Mentorship may take shape in a variety of ways, but there are two particular approaches that we often see during the transition period: a mentorship program or seller work-back arrangement.
Mentorship programs typically involve the current owner bringing on an associate with the understanding that this individual will eventually purchase a portion or all of the practice, but they first spend time in a “dating period.” This dating period allows the associate to learn about the practice operations, see what works and what doesn’t work and ultimately be integrated into the practice.
Mentorship programs are especially beneficial for less experienced doctors who want to get to ownership quickly yet may not be able to qualify for a loan immediately following dental school.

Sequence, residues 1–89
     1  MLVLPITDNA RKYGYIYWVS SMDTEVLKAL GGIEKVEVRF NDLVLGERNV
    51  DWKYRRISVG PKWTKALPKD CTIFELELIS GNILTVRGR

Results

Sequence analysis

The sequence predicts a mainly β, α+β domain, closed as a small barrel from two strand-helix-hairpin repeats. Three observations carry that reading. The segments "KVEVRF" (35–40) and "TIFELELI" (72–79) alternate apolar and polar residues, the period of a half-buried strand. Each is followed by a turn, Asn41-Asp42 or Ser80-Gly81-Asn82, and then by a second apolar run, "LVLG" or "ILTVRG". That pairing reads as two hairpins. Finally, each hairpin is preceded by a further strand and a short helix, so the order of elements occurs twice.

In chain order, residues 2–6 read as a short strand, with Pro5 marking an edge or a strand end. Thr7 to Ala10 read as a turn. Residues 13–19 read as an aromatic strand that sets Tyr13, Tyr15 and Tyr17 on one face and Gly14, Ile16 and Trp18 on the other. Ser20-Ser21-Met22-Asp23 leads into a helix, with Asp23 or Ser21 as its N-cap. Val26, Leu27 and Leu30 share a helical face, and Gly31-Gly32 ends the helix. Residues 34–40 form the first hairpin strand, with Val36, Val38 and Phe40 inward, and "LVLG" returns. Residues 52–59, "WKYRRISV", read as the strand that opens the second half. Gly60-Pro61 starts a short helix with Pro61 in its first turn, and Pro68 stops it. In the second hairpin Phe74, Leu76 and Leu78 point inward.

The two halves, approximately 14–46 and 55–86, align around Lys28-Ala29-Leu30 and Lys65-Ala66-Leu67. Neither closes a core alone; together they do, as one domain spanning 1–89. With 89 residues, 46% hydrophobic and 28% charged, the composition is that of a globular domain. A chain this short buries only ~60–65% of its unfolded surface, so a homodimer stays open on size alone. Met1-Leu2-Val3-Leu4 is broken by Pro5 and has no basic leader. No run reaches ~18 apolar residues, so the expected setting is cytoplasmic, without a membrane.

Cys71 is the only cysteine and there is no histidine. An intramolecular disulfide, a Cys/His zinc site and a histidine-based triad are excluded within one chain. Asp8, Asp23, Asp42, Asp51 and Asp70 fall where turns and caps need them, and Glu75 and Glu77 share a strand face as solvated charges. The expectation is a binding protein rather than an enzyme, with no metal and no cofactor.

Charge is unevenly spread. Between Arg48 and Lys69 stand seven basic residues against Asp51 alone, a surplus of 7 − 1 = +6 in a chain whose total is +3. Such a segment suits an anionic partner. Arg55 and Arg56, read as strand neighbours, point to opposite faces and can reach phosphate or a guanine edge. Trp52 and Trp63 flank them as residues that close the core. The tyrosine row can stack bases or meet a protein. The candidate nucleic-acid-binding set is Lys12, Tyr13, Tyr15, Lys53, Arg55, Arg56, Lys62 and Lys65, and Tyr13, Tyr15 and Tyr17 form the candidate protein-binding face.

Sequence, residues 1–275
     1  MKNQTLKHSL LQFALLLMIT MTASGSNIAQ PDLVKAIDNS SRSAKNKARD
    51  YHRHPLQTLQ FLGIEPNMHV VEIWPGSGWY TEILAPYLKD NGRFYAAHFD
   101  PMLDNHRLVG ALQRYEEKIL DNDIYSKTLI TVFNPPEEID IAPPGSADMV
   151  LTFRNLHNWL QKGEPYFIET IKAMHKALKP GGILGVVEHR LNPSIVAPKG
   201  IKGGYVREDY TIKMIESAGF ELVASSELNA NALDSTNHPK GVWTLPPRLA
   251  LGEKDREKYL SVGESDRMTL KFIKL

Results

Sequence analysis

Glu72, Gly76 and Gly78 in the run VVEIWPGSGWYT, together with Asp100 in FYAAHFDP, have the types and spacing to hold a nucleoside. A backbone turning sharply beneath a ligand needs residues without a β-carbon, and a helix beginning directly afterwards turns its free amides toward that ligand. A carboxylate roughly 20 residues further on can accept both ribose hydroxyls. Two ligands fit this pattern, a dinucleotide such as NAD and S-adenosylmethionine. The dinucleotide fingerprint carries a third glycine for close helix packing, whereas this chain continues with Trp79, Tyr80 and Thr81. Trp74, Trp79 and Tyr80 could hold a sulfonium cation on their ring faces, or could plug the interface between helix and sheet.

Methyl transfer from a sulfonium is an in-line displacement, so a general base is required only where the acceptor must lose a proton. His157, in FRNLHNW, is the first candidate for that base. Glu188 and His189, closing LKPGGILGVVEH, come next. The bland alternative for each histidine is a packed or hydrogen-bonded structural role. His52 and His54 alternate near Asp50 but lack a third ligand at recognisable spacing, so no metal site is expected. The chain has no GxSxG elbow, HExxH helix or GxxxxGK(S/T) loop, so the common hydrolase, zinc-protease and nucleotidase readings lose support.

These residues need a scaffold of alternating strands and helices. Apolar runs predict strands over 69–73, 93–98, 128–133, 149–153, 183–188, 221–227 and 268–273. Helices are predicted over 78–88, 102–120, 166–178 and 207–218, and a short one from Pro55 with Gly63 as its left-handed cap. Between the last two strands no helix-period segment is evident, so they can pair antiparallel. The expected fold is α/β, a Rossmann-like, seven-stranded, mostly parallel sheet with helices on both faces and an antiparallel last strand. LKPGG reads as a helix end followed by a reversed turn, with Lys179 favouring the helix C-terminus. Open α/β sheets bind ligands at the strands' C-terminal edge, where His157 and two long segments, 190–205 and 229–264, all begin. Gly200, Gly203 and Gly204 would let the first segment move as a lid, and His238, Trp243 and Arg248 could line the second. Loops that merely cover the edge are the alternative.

“The associate doesn’t have production support to show a bank that they can handle that level of production in order to get that loan,” Matt said. “We’ll see a lot of these individuals come out of residency, go into mentorship programs and then purchase the practice a year and half to two years after their residency program.”
Seller Work-back Arrangements
An important element for sellers looking to sell the entire practice, a seller work-back arrangement is another transition approach that allows for mentorship and integration. This is where the owner sells the practice and stays on to continue working for a designated period of time, and typically, the buyer is a more seasoned doctor. This arrangement is a great option for sellers who are getting ready to retire but still enjoy practicing dentistry; they just relinquish the administrative and managerial responsibilities.